Despite a great deal of global economic uncertainty, the trend of Australian wine being the most imported by volume and value continued into 2020.

However, in the middle of 2020 Chinese authorities launched an investigation into Australia’s wine industry accusing them of violating anti-dumping rules. The accusation sent a shockwave through Australia’s wine industry, as this could cause complications with the zero tariffs trade agreement, which may lead to a hike in import prices and as such may draw a fast conclusion to Australia being the number 1 importer of wine to China.

French Wine in China

For a long period of time, in slowly maturing market, French wine was the default purchase for most Chinese consumers. For more than 2 decades the wines of Bordeaux had been the most well-known across China, illustrating just how influential and dominating French wines were. A survey by Wine Intelligence revealed that Bordeaux had an awareness rating of 52, eclipsing even the most well-known local wines.

French producers and distributors have done an outstanding job in not just selling French wine, but also selling a lifestyle. French wines had become the symbol of sophistication and prestige in China.

However, a new day has dawned and competition has become fierce. With both Australia and Chile having trade agreements with China, their import tariffs were reduced to zero, making it difficult for French producers to compete with the prices of their competitors.

All hope for the French wine industry is not lost, as they still remain the second most imported by volume and value. Furthermore, the new number 1 importer to China, is predicted to experience difficulty in the latter half of 2020 and possibly into 2021.

Although French wines are no longer the highest imported wine by volume, their value still remains high as Chinese consumers still view French wine as sophisticated. Therefore, even though the volume imported is significantly lower, the value of the imported wine still remains high, which is promising for French producers.

While the first chapter of French wines in China was heavily focused on the prominence of Bordeaux, the second will have to be focused on the variations and differences each region has to offer. Greater efforts have to be made in the education and promotion of the wines lesser known than Bordeaux. For instance, Champagne had seen a 9.1% increase in exports to China from 2018 to 2019 (CNBC), and Rosé was also seen by experts as a strong area for growth (Sopexa); indicating the opportunity for variations despite the recent surge of competition.

Chilean Wine in China

Chilean wines have excelled in the Chinese market in the latter half of the 2010’s. With Chinese consumers becoming more mindful of the price and taste of wines, they are steering away from persistently buying the same product and are more willing to embrace different variations.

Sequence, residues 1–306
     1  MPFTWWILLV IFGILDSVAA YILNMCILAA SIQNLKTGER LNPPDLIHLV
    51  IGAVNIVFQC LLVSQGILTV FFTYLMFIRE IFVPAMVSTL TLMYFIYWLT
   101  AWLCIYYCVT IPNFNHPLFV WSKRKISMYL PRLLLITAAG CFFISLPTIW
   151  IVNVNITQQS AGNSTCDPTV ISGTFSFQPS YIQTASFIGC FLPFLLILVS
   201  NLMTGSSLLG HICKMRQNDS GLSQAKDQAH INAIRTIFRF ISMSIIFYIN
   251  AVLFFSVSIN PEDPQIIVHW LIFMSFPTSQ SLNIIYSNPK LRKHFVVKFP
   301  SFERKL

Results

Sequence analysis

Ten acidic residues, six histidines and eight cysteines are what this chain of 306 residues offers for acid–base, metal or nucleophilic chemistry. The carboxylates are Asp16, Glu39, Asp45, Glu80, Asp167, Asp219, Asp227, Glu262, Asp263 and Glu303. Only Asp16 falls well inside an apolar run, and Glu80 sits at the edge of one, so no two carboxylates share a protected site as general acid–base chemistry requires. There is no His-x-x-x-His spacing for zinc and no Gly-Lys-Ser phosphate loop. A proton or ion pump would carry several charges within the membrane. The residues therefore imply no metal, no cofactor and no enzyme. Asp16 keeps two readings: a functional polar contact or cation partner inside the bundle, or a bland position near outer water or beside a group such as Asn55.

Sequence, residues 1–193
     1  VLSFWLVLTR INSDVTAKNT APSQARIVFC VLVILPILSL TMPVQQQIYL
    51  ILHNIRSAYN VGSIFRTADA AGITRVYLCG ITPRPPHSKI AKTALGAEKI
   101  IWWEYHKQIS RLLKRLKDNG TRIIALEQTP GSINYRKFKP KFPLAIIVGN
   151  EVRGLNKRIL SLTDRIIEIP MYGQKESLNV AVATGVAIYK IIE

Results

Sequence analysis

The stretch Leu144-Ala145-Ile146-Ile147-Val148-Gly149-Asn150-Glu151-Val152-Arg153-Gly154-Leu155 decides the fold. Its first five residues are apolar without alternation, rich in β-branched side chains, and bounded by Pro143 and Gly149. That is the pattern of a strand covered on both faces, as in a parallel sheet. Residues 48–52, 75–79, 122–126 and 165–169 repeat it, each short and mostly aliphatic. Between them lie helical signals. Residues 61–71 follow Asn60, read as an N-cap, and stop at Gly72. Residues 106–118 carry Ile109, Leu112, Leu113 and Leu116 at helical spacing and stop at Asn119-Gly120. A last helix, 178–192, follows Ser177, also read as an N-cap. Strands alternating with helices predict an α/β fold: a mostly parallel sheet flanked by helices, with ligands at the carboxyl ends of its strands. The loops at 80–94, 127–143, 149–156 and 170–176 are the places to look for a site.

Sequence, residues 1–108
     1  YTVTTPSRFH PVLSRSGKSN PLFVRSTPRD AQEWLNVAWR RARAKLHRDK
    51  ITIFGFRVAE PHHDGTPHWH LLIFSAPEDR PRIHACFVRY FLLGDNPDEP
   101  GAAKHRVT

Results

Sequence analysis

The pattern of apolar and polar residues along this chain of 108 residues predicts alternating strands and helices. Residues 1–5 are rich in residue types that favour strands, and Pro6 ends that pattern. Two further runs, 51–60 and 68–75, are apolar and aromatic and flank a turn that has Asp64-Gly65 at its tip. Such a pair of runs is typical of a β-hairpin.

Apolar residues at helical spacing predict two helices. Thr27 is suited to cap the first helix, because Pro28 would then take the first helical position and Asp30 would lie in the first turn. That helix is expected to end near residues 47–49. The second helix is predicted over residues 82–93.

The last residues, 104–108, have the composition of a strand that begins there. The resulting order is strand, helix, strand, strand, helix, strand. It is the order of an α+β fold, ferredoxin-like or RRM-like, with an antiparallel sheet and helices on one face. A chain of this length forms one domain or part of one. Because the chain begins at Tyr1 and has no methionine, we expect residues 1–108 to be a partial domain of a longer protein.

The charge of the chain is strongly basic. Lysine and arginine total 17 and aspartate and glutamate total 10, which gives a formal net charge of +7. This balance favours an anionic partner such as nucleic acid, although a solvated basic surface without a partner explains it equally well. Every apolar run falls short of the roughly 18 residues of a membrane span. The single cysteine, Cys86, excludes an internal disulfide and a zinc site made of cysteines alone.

Chilean wines have not always experienced success in China, as they had to battle the misconception that Chile only produced cheap wines. Through great effort by producers and the Chilean government, a large amount of resources were directed to educating Chinese consumers on the complex and fruity flavors Chile has to offer.

Similar to Australia, in 2016 China became the most important export market for Chilean wines, overtaking the US and UK. With the China-Chile Free Trade Agreement in effect from 2006 and the ongoing development of consumer preferences, Chile was able to gradually increase the amount of exports and value of the exports of wine to China. In 2010 Chile had exported just above 55million liters, while in 2019 they exported 154 million liters, indicating that they had managed to almost triple their yearly export volume in the space of 10 years (OeMV). 

With Australia now experiencing trade complications with China and Chile still maintaining low tariffs, in comparison to their European counterparts, now may be the time for Chilean wine to not only catch up but perhaps surpass their competitors.

Other Wines in China

The constantly growing appetite for new varieties of wine is forcing consumers to look beyond options that were initially popular. An opportunity is emerging for wine makers from Italy, Argentina, South Africa and Spain, to occupy a larger share of the unequally balanced market.

Italy produces more than a quarter of wine in the world and has around 60,000 wineries (ChinaDaily). Among these are a large number of small wineries, with an array of complex tastes, that present the consumer with a unique cultural and personal experience. While Italian winemakers are faced with high taxes and tariffs when entering China, there is hope that it may be reduced in the future. While the volume of Italian wine imported has only increased by just under 10 million liters since 2015, the value has almost doubled, indicating that despite an increase in price, Italian wine is increasing in popularity.

Spain has for a long time had a presence in the Chinese wine market. Since the early 2000’s Spain had been importing a higher volume of wine than any other country, however over the years their imports were erratic, often increasing and decreasing from year to year. Spanish wine is still yet to see consistent growth over a sustained period. A turn of the tides could be seen, because in 2019 several leading wineries had opted for a new and unique approach, and have decided to band together and form the Chinese and Spanish Wine Association. The purpose of this association is to promote the culture and improve sales of Spanish wine in China.

The US, New Zealand, South Africa, Chile and Argentina have formed an alliance with a local Chinese partner, Shanghai’s Grapea & co., in an effort to improve the perception of ‘new world wine’ in China (Vinex). The campaign will consist of an online marketing campaign as well as sommelier competitions. The content of the campaign will be available for free on various platforms such as WeChat, Tmall and TikTok, and consists of virtual masterclasses and videos across a range of topics such as history, winemaking, news as well as food pairings for wine. The venture which kicked off in June 2020 is going to run until the end of 2020, providing a platform for these countries to improve their image and presence across China.